I think the most important consideration regarding which boots may be best is fit. That seems to be by far the biggest factor in people's problems with them. If they won't stay on, they shift, they rub, it usually means they don't fit well enough. Hoof form is an important factor of this & high/long heels, flares, etc require a more careful approach & certain factors such as this can make boots of any kind less suitable.
Some boots are more or less adjustable or able to be tightened. Eg. Renegades for eg, you can actually make the boot substantially longer or shorter. The high profile boots typically allow for more 'play', for eg. growth between trims. Gloves on the other hand, are great for well formed feet that are kept in shape, but having no fastening/adjustment system, they need to be a tight fit and only really suit horses who are trimmed little & often.
Next consideration is the riding you do & terrain they're worked on. Eg. high profile boots such as Old Macs, Cavellos, Trails, etc are not generally the best for long/lots of riding - I think they recommend something like a max of 20 miles per ride or per week - because they can rub. If you're doing heaps of riding, such as with working horses or endurance horses, the low profile ones that sit below the hairline are best, such as Epics & Gloves. Also re terrain is hardiness & wear of boots. On hard abrasive surfaces, such as paved roads for eg, boots with more plastic soles, such as Renegades & Cavellos wear faster than rubber, such as Easyboots.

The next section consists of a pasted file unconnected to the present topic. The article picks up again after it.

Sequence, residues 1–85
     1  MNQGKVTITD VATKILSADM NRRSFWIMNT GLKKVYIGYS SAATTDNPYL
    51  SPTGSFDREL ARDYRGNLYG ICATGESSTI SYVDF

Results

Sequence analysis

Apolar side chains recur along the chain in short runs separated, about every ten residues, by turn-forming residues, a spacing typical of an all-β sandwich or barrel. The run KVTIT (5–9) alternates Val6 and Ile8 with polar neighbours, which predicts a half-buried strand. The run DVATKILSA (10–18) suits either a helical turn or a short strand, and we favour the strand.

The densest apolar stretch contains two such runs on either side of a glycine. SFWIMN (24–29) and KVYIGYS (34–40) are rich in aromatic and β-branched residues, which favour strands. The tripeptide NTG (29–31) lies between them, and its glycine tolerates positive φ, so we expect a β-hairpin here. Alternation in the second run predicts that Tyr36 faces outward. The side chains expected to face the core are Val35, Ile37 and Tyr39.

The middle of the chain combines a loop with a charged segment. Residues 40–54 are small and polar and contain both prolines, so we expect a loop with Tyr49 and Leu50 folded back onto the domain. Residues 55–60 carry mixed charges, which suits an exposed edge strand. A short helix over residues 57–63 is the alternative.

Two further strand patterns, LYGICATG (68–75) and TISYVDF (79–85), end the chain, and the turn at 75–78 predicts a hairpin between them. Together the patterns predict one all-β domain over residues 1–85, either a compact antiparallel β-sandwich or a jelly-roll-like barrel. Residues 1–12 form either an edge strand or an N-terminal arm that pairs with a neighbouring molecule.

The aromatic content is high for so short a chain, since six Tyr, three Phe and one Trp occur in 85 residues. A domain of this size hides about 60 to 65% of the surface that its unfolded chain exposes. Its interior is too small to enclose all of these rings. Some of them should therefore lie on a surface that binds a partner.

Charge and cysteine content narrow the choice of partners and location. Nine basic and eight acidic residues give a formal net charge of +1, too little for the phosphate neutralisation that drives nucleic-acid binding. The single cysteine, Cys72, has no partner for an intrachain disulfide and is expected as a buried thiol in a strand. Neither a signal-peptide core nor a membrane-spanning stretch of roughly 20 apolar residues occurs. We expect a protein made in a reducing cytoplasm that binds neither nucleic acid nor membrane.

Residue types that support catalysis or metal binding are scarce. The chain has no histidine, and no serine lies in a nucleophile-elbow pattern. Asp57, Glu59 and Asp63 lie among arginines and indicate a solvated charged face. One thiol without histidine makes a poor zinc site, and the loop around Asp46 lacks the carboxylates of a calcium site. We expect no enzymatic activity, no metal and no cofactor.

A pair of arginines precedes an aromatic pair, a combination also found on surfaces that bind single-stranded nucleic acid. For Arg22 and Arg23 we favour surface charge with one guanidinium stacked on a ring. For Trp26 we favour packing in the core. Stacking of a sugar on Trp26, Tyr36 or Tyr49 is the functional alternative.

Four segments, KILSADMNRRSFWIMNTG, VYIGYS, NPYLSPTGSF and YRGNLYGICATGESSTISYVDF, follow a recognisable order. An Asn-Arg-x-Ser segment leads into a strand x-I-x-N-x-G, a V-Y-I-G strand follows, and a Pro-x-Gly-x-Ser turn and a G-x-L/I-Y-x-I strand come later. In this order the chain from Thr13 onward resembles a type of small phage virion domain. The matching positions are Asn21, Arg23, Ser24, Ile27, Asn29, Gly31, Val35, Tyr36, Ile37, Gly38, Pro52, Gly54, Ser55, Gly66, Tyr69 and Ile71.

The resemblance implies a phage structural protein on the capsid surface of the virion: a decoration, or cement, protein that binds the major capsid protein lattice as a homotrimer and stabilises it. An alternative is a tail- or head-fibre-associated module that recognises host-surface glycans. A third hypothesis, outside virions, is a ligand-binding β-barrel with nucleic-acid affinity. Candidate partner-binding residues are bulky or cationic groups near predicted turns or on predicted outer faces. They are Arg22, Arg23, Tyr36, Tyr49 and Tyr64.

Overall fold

Ease of use is also a factor. For eg. The new Easyboot Trails are ultra easy to put on & off. Boots such as Epics can be difficult to get on & off, depending on fit. Especially with kids or older arthritic hands, ease of application may be a big factor.
Whether or not you decide to go with one of the Easyboot range, I reckon it's well worth doing some reading on their site, as it's packed with info, including on the subject of which boots are suitable for which situations.